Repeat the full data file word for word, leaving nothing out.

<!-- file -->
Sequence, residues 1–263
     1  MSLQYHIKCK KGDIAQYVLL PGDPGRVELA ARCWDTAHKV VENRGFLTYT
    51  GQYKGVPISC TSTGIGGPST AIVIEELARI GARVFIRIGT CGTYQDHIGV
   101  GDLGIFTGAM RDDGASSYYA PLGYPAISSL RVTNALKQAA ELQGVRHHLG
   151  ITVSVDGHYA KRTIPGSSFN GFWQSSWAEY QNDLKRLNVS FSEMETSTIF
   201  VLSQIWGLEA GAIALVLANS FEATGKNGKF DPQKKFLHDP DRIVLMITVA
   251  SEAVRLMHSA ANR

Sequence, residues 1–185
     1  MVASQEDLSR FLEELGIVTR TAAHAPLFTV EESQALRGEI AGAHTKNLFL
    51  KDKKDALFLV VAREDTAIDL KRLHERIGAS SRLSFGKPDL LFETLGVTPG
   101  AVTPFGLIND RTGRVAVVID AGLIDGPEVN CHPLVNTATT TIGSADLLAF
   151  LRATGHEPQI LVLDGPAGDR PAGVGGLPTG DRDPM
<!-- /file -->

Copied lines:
Sequence, residues 1–263
     1  MSLQYHIKCK KGDIAQYVLL PGDPGRVELA ARCWDTAHKV VENRGFLTYT
    51  GQYKGVPISC TSTGIGGPST AIVIEELARI GARVFIRIGT CGTYQDHIGV
   101  GDLGIFTGAM RDDGASSYYA PLGYPAISSL RVTNALKQAA ELQGVRHHLG
   151  ITVSVDGHYA KRTIPGSSFN GFWQSSWAEY QNDLKRLNVS FSEMETSTIF
   201  VLSQIWGLEA GAIALVLANS FEATGKNGKF DPQKKFLHDP DRIVLMITVA
   251  SEAVRLMHSA ANR

Sequence, residues 1–185
     1  MVASQEDLSR FLEELGIVTR TAAHAPLFTV EESQALRGEI AGAHTKNLFL
    51  KDKKDALFLV VAREDTAIDL KRLHERIGAS SRLSFGKPDL LFETLGVTPG
   101  AVTPFGLIND RTGRVAVVID AGLIDGPEVN CHPLVNTATT TIGSADLLAF
   151  LRATGHEPQI LVLDGPAGDR PAGVGGLPTG DRDPM